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How to Increase Email Conversion Rates Before Images Load

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The other day I sat down to my computer, pulled up my Gmail inbox, and opened my most recent message - a sale notification from an online retailer I recently purchased from. This is what I saw:

problems viewing email

Do you see that? Exactly! There is nothing to see here folks. I quickly moved along to the next message, not wanting to waste any more time than necessary going through my email.

The extremely limited attention span of email recipients requires email marketers to take extra measures when it comes to grabbing user focus. In the example above, Gmail disabled the email’s images by default, rendering them completely blank until I manually enable the images. Considering the fast paced nature of email browsing and the previously mentioned limited attention span of email recipients, it isn’t likely that many users are going to stick around to manually enabling images.

However, I was not the only recipient who saw a blank screen upon opening the email. The following chart from Campaign Monitor shows the vast majority of primary email services like Gmail, Yahoo, Outlook, and Hotmail all disable images by default when first opened:

email client chart

 

So what’s an email marketer to do?

When it comes to quickly grabbing the attention of recipients, one of the most effective measures email marketers can take is to optimize the email’s pre-image display. By improving messaging and appearance prior to image rendering, marketers can greatly increase click and conversion rates.  Some steps email marketers can take to optimize for pre-image display include:

Avoid single image designs

In this email from a local NYC concert venue, we see an email that consists of a single image. Without images rendered and any HTML text provided, this leaves us with a large, blank space with very little to see.

 

unresponsive images

However, by including HTML text as well as images in an email, marketers can improve how the email is initially displayed. Here is an example of a Blue Fountain Media email that balances text and images well.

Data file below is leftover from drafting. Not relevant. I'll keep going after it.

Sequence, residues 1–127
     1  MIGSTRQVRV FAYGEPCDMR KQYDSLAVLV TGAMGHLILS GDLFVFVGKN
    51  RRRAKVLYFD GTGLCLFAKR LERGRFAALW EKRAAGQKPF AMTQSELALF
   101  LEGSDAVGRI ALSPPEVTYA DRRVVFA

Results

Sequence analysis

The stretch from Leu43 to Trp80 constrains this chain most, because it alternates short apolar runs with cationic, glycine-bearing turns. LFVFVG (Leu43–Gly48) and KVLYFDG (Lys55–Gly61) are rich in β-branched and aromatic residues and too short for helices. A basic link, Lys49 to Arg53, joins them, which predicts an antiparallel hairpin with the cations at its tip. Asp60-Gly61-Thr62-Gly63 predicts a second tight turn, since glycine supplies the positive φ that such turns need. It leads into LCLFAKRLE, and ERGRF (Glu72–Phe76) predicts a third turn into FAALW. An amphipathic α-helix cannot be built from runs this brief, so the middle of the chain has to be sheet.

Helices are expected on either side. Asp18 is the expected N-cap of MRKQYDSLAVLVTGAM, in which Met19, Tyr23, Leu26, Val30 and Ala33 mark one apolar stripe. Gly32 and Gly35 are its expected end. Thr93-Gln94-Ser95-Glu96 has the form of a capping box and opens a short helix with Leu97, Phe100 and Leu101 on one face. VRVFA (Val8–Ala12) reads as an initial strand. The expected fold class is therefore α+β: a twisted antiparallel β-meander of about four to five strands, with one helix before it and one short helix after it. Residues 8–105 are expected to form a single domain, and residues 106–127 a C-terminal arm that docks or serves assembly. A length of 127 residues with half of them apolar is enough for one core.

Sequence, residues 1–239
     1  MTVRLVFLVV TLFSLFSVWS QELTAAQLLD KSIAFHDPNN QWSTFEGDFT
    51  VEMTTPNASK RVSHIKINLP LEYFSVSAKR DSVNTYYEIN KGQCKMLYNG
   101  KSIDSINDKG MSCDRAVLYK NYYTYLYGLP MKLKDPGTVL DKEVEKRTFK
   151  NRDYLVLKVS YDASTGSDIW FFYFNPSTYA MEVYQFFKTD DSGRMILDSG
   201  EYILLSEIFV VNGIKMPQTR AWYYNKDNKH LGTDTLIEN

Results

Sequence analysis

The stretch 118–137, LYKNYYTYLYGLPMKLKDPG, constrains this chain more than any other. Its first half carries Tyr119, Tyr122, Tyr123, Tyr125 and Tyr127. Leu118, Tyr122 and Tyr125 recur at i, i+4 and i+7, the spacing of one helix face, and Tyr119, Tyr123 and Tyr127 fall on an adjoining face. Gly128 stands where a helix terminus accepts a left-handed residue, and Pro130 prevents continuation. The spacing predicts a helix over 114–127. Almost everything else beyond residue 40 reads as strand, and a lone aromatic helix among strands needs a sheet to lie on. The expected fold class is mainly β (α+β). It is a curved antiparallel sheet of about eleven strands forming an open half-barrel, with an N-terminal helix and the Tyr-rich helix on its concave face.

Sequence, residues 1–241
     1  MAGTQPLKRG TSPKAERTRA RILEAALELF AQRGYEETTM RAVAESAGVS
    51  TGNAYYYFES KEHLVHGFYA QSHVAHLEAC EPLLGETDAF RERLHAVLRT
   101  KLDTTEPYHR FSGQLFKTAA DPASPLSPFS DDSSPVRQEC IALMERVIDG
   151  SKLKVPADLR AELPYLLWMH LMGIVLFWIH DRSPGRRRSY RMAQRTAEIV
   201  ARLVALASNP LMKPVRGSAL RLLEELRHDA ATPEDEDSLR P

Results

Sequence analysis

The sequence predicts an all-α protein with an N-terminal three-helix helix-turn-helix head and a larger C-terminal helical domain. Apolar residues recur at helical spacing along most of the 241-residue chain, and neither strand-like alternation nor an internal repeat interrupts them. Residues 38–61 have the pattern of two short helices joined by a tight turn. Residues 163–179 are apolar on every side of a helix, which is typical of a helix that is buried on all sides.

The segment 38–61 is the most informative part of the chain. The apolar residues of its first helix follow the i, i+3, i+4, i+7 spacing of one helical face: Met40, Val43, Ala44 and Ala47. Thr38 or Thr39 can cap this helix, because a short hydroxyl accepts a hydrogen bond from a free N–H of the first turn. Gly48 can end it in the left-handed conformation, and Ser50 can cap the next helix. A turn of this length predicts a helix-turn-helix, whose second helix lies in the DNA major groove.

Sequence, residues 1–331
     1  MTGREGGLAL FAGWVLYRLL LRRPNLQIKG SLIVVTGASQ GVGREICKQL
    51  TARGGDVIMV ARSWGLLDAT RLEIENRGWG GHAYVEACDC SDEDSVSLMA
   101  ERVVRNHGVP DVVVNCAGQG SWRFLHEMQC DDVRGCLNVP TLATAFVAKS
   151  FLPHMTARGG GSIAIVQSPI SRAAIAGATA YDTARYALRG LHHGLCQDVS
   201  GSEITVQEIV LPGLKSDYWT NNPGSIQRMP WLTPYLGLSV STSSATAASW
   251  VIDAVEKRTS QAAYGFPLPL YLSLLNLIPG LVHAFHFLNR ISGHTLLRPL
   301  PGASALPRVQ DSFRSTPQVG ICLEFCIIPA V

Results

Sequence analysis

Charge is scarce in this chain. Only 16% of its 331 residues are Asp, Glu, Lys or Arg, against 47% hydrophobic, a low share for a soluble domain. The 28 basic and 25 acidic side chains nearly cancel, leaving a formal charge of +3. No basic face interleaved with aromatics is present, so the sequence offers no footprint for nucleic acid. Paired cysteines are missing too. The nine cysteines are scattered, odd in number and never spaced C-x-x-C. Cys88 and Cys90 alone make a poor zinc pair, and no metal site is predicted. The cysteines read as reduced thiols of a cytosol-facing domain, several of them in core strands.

This email, which highlights some recent portfolio work, incorporates a good proportion of HTML text that conveys the vast majority of the email’s message without images being displayed.

html text images

Create distinct calls to action with background text

One pre-image optimization technique I frequently come across is the idea of creating a call to action button by simply applying alt text and a background color to an image of a button. An email I recently received from the music streaming service Spotify illustrates this technique to create a "Follow the Tour" button:

spotify prerender email

By providing a strong substitute for your button images, you can increase clicks on your calls to action prior to image rendering.

 Create helpful table structure

While it is unfortunate that email must be reduced to being developed in table structure, email marketers can make the most of this scenario by creating clear, helpful tables without the use of images.  One example of effective table usage is a calendar of events I received recently via email. This calendar clearly outlines a month’s worth of events in an intuitive manner before any images were displayed.

knitting factory calendar

 Create over-the-top table structure

While certainly time consuming, a recent example from a Gamestop email shows how slicing your large images into carefully assembled <TD>’s with background colors applied can paint a similar portrayal of the actual image. As you can see in this example, the image slices with red background colors convey the 50% off offer before the images are rendered.

gamestop table structure

These are just a few optimization techniques marketers should keep in mind when preparing their email marketing campaigns. Email marketers should always remember to:

  • Balance text and image use
  • Always provide descriptive and helpful alt text
  • Create well structured tables
  • Provide click-enticing substitutes for your calls to action

What do you think? Do you have some tips for email marketers to help improve click and conversion rates? Let us know below or send me a message @tsprewett

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  1. Anyone know if the email aggregators like iContact work for an average guy like myself. I am trying to find a way to keep in touch with my customers

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